Robin van der Aar

Class of 2009 (Graduated in 2012)
Social & Public Communication
London School of Economics, UK

What was important in making up your mind?

I think the most important thing to do when considering a Master's degree is to reflect on what you've learned during IBCoM. When I looked back, I wondered: "what was it that drove me to apply for IBCoM three years ago?". I re-read my application letter from 2009, and I found that some things I wrote back then were still topics I enjoy today and am curious about. I then looked at my current interests in communication and media, which helped me to define a few key areas that I wanted to specialise in.

What made you decide to choose for this master?

I remember that I was quite fascinated by the theories taught in Introduction to Human Communication, especially the way in which thought and communication are related to each other. Strangely enough I realised after three years that some of those theories did not come back in other courses as much as I had expected. Therefore, I always felt a need to know more about them. Through the Focus Area Seminars and Electives I also found out that corporate communication and persuasion were my favourite subjects in IBCoM, which I wanted to continue studying for my Masters. The master in Social and Public Communication at LSE combined these two interests.

How would you describe the connection between IBCoM and your master?

IBCoM is a very diverse programme that touches upon many different issues, which I encounter throughout my masters. Jürgen Habermas' public sphere is a great example of this. There are also many theories from Introduction to Human Communication mentioned, such as rhetoric and the relation between language and thought. These theories from communication are discussed in-depth and combined with theories from social psychology, which is basically the study of how we think, feel and act in relationship to other people.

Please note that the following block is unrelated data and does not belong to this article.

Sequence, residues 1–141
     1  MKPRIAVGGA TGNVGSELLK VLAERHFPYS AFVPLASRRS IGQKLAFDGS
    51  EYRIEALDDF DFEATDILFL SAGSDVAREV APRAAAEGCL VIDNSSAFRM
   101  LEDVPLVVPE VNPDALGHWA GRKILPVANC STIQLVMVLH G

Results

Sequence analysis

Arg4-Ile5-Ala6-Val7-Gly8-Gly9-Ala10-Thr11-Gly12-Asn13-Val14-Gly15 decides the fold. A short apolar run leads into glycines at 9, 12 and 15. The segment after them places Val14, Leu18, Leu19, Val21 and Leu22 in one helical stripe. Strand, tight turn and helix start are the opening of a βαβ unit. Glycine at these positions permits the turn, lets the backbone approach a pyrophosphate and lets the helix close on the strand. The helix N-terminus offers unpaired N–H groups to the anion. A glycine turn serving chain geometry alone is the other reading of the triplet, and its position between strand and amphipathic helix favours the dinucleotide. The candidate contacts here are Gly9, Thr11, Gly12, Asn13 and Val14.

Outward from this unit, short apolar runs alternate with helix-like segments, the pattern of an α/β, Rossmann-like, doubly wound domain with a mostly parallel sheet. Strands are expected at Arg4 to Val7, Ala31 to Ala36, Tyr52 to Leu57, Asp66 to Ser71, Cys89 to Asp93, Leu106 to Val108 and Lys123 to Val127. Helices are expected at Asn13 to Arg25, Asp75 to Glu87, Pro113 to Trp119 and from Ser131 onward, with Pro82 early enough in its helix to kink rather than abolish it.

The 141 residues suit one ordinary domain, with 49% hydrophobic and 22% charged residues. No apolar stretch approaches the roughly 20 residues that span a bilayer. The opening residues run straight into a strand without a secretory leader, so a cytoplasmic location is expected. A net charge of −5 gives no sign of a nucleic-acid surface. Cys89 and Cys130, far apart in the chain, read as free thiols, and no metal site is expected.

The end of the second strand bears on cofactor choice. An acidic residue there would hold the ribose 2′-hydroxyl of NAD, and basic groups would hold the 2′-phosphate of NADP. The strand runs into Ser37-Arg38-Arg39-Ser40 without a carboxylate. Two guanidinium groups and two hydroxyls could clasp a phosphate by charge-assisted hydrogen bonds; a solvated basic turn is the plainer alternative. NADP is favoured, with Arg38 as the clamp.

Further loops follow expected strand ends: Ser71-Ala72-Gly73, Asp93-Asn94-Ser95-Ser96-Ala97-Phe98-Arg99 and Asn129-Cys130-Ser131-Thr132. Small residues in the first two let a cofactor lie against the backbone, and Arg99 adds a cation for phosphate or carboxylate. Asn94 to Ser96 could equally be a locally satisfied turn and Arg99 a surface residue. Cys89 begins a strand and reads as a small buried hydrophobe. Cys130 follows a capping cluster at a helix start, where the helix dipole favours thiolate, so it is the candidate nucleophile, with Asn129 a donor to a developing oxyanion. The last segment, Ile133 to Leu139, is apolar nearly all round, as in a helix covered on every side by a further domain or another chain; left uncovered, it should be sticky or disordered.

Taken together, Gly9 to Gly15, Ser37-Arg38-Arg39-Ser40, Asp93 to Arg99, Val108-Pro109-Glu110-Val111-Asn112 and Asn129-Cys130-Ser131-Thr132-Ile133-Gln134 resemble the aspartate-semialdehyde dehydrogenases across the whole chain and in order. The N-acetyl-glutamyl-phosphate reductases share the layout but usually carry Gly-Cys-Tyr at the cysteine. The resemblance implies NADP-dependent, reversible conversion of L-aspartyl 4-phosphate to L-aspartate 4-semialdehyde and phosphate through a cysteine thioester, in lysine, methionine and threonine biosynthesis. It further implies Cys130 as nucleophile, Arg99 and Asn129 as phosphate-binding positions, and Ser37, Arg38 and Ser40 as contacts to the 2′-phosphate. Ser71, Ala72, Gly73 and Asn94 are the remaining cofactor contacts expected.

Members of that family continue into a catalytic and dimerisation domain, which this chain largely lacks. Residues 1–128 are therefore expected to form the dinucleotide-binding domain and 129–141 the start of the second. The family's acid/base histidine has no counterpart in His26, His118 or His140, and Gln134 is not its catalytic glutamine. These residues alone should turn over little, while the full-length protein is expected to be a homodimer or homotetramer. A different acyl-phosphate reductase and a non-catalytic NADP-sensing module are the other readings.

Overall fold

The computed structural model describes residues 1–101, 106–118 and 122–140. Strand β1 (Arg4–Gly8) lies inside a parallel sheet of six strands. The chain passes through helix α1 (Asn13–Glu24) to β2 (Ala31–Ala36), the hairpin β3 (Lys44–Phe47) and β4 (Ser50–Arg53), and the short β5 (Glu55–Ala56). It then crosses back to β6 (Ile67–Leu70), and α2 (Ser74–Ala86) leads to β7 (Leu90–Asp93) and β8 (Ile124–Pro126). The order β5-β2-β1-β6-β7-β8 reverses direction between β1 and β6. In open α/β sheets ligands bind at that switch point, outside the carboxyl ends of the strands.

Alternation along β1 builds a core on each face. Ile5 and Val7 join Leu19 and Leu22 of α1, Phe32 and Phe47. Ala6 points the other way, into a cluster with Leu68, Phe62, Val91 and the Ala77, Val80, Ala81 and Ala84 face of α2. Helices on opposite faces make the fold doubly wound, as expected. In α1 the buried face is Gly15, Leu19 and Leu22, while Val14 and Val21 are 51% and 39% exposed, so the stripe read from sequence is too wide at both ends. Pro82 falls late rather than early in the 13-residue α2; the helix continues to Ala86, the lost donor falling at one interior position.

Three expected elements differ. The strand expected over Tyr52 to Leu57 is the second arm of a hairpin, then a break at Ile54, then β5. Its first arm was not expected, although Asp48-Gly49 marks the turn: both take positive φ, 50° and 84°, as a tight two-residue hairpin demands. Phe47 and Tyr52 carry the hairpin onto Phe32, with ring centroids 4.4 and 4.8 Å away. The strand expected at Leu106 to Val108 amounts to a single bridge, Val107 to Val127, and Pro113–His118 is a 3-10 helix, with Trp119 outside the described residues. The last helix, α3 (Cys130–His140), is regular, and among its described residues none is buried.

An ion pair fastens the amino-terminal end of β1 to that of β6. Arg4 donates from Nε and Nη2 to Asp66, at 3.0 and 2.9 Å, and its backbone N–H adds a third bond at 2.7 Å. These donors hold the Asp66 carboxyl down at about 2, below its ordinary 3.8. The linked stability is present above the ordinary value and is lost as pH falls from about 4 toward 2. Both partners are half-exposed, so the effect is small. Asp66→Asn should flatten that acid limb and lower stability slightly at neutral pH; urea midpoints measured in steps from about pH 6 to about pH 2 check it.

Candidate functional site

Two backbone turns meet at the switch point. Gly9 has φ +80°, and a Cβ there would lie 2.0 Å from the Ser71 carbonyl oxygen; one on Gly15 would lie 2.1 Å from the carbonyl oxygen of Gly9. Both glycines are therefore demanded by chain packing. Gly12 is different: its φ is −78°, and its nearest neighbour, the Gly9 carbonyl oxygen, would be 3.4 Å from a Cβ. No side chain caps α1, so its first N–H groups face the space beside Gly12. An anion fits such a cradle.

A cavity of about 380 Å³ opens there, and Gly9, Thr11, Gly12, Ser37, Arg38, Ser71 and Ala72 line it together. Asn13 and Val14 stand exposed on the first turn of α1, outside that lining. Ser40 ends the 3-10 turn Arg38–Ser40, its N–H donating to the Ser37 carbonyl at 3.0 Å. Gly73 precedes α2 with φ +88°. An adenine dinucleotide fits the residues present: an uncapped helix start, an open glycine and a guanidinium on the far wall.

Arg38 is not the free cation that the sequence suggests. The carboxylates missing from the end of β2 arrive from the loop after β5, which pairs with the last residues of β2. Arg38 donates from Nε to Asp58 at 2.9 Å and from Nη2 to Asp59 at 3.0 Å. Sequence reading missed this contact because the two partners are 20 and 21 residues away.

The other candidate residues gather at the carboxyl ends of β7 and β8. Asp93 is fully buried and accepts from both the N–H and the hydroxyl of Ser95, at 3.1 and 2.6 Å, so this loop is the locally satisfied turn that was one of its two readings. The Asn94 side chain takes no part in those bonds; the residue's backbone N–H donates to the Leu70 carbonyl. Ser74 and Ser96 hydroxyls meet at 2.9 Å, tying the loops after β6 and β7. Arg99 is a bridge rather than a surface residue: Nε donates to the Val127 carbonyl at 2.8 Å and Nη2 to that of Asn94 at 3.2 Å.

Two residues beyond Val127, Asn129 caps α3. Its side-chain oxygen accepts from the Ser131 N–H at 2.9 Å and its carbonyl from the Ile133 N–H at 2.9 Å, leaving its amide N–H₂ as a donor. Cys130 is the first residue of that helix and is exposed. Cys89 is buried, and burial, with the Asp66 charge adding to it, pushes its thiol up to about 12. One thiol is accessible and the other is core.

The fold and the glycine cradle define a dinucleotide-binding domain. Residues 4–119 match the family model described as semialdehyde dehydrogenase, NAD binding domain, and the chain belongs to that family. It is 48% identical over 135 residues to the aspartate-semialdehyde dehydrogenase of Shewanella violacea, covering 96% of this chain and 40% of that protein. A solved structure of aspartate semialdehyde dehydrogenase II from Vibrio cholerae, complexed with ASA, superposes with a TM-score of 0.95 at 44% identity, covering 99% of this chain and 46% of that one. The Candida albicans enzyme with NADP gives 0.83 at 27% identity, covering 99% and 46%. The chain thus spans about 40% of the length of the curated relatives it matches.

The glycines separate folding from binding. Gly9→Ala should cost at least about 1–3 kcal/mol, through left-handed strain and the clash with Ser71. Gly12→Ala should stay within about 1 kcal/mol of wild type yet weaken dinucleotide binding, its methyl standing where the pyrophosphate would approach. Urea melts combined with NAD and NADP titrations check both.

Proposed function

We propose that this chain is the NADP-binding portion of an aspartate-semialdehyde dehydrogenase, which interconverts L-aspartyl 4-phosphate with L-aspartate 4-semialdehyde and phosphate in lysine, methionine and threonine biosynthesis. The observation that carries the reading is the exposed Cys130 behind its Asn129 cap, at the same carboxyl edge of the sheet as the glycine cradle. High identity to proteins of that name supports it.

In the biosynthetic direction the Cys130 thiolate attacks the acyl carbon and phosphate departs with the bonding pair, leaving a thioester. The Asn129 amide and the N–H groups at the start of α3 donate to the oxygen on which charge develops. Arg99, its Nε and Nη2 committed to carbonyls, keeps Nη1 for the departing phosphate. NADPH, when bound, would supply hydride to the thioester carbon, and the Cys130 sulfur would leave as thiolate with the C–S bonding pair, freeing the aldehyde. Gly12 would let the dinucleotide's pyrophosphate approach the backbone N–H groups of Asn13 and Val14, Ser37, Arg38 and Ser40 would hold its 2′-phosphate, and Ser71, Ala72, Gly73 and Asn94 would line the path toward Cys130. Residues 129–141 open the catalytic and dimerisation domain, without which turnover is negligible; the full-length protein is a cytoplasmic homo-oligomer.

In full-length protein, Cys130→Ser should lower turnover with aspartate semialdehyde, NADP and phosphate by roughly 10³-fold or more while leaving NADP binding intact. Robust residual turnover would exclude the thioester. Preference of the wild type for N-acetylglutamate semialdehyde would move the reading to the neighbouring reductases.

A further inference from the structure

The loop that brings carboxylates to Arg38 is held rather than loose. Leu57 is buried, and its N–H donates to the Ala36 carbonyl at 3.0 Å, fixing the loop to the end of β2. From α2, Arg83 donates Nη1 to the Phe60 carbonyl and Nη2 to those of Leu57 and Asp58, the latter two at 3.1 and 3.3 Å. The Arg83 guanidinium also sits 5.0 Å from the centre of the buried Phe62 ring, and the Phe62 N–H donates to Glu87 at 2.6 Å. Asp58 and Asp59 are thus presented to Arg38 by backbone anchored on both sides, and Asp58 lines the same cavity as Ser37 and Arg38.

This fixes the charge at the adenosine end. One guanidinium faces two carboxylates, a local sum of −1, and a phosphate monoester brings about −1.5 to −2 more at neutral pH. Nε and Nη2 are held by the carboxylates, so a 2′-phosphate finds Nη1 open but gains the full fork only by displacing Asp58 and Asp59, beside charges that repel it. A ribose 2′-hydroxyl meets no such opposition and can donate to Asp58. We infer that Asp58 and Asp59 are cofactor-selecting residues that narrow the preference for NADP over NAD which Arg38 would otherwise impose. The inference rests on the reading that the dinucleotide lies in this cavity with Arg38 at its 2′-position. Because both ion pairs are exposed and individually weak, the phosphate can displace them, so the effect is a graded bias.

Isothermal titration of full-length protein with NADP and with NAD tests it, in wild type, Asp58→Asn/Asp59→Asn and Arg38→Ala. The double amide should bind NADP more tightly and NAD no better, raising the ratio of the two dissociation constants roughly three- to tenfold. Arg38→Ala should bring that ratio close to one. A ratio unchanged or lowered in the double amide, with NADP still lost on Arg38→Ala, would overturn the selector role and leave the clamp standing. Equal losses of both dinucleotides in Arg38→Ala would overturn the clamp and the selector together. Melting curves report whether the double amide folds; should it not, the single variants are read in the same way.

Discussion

How would you describe your master?

Lots and lots of reading! As a Master's student you are really expected to work independently and to be prepared in class, because there are a lot of different theories discussed in a very short period of time.

In hindsight, what would you have liked to have known before, what you know now?

Don't expect to hear an awful lot about social media and technological developments in communication in this master's programme. As one of my lecturers told me, that's more within the focus of the Media & Communication department at LSE. Social psychologists are generally not interested in the latest gimmicks, except at a very abstract level where they talk about how technologies and social norms can affect each other but only as a very slow process. 

What kind of job would you be interested in after this master?

I am mostly looking at jobs in consulting or marketing.

Any other points you would like to add?

If you have the liberty to look for Masters programmes outside of The Netherlands, I would definitely recommend searching through and to visit websites of universities you might want to attend, you'll be surprised at what some of them have to offer!